In 2017, one would hope that gender wage gap issues in the workplace would be problems of a bygone era – an era when women were expected to be happy making 59 cents for every dollar a man made.
One would think those days would be long gone by now.
But sadly, the gender wage gap persists, even here at FSU.
Last week, the Massachusetts State College Association released an executive summary of a gender bias study that involved Massachusetts’ nine state colleges and universities. Framingham State University in particular was singled out for having a gender wage gap among associate professors.
For a breakdown of the study, we refer readers to The Gatepost’s comprehensive article on the subject in the news section this week.
Referencing fall 2015 salary data for full-time faculty, the report states that, on average, male associate professors at FSU made around $5,340 more than female associate professors.
Keep in mind, as the study notes, there wasn’t a substantial correlation between years of service and the large gap in pay, meaning female associate professors who have worked at the University for the same number of years as their male coworkers are making less despite the fact that they hold the same position.
Of the schools analyzed, Westfield State is the only other Massachusetts state university that has a wage gap discrepancy that can’t in some way be tied to faculty members’ years of service.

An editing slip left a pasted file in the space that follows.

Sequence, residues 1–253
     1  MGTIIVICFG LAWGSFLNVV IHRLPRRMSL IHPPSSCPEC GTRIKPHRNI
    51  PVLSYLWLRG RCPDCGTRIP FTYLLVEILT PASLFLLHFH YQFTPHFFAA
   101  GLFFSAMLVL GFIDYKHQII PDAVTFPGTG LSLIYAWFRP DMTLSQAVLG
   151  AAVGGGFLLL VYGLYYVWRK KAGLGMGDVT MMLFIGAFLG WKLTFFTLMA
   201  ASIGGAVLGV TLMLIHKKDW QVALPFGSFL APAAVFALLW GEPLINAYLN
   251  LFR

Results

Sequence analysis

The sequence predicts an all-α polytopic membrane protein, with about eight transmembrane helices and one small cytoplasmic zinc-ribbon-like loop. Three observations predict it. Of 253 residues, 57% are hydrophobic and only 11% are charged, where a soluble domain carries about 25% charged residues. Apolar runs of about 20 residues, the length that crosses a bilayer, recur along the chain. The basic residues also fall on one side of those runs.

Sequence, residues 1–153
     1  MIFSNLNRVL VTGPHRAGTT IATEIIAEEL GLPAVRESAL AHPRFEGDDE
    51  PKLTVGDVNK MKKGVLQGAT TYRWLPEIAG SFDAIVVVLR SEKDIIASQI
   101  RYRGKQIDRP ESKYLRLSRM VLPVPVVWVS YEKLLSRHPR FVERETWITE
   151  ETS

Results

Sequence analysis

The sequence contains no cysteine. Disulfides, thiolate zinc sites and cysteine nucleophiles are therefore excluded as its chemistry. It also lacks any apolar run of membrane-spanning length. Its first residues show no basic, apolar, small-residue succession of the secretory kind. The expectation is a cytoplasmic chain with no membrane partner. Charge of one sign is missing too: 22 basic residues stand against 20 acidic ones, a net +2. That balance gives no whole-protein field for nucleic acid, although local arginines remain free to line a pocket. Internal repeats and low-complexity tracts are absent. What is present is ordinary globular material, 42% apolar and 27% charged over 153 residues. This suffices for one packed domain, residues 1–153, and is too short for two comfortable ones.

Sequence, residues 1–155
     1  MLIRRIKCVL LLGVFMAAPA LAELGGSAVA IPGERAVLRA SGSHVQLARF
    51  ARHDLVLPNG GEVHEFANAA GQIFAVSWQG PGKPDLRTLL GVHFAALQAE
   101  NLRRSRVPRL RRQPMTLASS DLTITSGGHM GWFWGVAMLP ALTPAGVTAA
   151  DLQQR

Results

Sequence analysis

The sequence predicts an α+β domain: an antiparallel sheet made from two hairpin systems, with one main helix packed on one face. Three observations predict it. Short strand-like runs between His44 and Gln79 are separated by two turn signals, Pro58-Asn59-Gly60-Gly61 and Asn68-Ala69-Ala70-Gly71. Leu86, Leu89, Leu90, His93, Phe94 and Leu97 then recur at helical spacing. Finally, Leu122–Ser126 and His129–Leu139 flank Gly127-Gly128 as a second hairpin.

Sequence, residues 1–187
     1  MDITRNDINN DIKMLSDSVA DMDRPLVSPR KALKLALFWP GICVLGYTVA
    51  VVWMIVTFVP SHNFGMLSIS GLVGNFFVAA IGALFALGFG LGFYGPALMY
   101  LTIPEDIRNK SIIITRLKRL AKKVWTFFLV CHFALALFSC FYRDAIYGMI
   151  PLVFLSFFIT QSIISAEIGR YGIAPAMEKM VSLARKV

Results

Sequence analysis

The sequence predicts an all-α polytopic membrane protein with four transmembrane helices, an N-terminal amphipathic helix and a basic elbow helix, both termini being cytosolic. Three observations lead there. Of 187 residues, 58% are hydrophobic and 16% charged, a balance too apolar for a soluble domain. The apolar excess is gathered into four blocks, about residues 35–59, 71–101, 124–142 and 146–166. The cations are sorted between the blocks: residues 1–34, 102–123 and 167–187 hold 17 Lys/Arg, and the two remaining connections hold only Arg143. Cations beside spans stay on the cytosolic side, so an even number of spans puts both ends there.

Council of Presidents (COP) representative Vincent Pedone has questioned how accurate the study is considering the constraints on the data – the numbers used were from 2015. However, this issue reaches far beyond concerns of methodology in one relatively small-scale study. Nationwide – even globally – gender inequity is an undeniable problem.
According to the Pew Research Center, when it comes to full-and part-time work, women earned 83 percent of what their male co-workers earned in 2015.
Chief among Pedone’s complaints is that the survey was not completed in collaboration with the COP. As Pedone suggests, we urge the Board of Higher Education and the COP to work in conjunction with the MSCA to conduct more extensive research to determine the full extent of the gender wage gap in the state university system.
It’s time to even the playing field for everyone in the workforce, and that can start here at FSU by following through with the “inclusive excellence” of which FSU boasts and close the gender pay gap.